September 26, 2001
The act of war that was committed against America on 9-11 has
changed the way we look at many things. I guess we won't hear much now
from the conspiracy-debunkers; it had to be a criminal conspiracy that
planned and carried out the simultaneous hijacking of four airliners.
President's Bush's plan to identify and target the enemy is
brilliant. Tell all our so-called friends and allies in other lands:
you have to make a choice: you're either with us to stamp out
terrorism or we will consider you are against us.
Cooperate in handing over the criminals or we will consider you
the enemy! For starters, any NATO country that doesn't fully cooperate
should be automatically expelled from NATO; isn't that what the NATO
treaty says -- an attack on one country is an attack on all?
At the same time, Americans have some soul-searching to do about
our security. Why were our FBI and CIA caught so completely by
Why have they been spending their resources chasing after a few
people who were no harm to society, such as one loner on a mountaintop
at Ruby Ridge and a pathetic religious group in Waco, while the
plotting foreign terrorists crossed our borders and lived in our
country illegally, got their flight training in Florida, and freely
boarded our planes under their own names?
The terrorists are foreigners, most or all of whom should never
have been in our country, and they have sophisticated techniques with
which to manifest their hatred. The policy of opening our borders to
anyone who wants to sneak into our country illegally must be exposed
Early reports suggest that some of the hijackers who crashed into
the World Trade Center entered Canada and snuck over our porous border
into Maine, Vermont or New Hampshire. FBI Director Robert Mueller said
that at least some of the hijackers were "out of status," i.e., they
had no proper immigration documents.
Canada has a no-questions-asked immigration policy, many border
crossings between the United States and Canada are unmanned, and our
State Department has a laissez faire policy on issuing visas. This
easy access into the United States has repeatedly been exploited by
aliens bent on terrorism, so it should have been no surprise that it
was used by last week's hijackers.
The criminals who were convicted of the 1993 World Trade Center
bombing, of the murders in front of the CIA headquarters in 1993, and
who were involved in a 1998 plot to bomb New York's subway system all
were Middle East aliens who should not have been in the United States.
They either were granted a visa that should never have been issued or
had overstayed a visa and should have been expelled.
It is inexcusable that visa applicants aren't screened more
carefully, and that aliens aren't expelled when their visa expires.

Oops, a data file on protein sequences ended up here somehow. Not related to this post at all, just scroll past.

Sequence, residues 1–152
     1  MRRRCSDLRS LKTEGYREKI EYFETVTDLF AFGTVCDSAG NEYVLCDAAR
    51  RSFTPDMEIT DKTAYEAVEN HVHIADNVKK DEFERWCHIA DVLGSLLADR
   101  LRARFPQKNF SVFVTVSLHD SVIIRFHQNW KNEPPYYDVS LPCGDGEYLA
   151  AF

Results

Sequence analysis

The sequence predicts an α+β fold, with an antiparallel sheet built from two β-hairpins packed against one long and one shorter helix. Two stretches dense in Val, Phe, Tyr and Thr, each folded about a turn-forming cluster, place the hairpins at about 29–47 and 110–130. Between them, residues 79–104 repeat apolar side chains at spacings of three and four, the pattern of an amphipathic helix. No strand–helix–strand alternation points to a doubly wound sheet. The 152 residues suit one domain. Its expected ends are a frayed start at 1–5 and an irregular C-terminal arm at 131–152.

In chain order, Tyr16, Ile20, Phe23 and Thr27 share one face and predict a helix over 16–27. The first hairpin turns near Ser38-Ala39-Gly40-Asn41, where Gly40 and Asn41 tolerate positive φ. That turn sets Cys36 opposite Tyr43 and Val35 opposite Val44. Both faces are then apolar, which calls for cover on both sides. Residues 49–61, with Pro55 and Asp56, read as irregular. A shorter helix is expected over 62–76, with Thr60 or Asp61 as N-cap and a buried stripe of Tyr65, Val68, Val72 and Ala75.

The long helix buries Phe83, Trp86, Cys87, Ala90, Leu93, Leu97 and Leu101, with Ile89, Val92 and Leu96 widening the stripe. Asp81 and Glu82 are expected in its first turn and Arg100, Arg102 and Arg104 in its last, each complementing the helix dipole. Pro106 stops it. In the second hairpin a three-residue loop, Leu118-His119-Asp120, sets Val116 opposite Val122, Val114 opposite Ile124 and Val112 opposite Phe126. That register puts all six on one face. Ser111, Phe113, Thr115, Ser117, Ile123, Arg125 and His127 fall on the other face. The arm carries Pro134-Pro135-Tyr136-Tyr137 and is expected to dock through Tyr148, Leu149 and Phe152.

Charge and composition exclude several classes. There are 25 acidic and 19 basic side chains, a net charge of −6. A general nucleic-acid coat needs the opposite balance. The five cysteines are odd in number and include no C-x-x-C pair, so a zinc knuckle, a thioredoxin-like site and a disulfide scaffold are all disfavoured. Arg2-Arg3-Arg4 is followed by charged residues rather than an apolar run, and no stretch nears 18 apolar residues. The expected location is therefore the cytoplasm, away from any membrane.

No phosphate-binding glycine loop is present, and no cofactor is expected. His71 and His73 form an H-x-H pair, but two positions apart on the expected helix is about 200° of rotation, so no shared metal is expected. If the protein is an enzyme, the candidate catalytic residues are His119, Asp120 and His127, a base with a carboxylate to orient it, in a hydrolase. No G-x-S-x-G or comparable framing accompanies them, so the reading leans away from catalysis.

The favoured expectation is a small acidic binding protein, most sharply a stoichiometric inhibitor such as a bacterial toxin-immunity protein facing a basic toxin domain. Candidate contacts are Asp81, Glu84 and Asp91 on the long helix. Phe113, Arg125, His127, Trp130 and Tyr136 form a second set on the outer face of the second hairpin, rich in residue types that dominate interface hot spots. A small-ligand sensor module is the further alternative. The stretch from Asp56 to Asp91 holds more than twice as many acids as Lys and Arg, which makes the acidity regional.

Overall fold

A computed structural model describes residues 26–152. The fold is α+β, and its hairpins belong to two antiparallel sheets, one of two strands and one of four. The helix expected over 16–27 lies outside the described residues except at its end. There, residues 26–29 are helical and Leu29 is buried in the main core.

Immigrations officials don't even know how many people are in the
United States on visas or how many are so-called "overstays," but it's
clearly a substantial factor in illegal immigration.
The chance of a group of U.S. citizens hijacking a plane on a
suicide mission is infinitely smaller than the chance of foreign
enemies doing the same. Why are all passengers interrogated about
their luggage rather than about their citizenship?
Let's bring back the House Committee on Un-American Activities.
We need congressional watchdogs to close the cracks in our internal
Attorney General John Ashcroft's announcement that some planes
will carry armed guards is a good move. We want security measures that
will put the criminals at risk, not harass law-abiding citizens.
It's time to rethink the rule that an airplane be a gun-free zone.
If the foreign masterminds behind this attack had thought that the crew
or passengers were armed, they might not have invested so much in this
type of terrorism.
The courageous actions of passengers against the hijackers on the
flight that crashed in Pennsylvania apparently prevented the plane from
reaching its target where many more people would have been killed.
Self-help is essential in emergency when no law enforcement officials
Many new airport security measures are making airline travel
longer and more difficult. The question should be asked how any of
these measures, if they had been in place, would have prevented
While we worry about hijacked planes today, we may soon worry
about hijacked foreign missile silos. Terrorists who would commit the
unspeakable crimes of last week would not hesitate to use nuclear
Congress should move forward on the missile defense system needed
to protect our cities against foreign attack. Our government should
spend the taxpayers' money for the most important business of
government, providing for the common defense.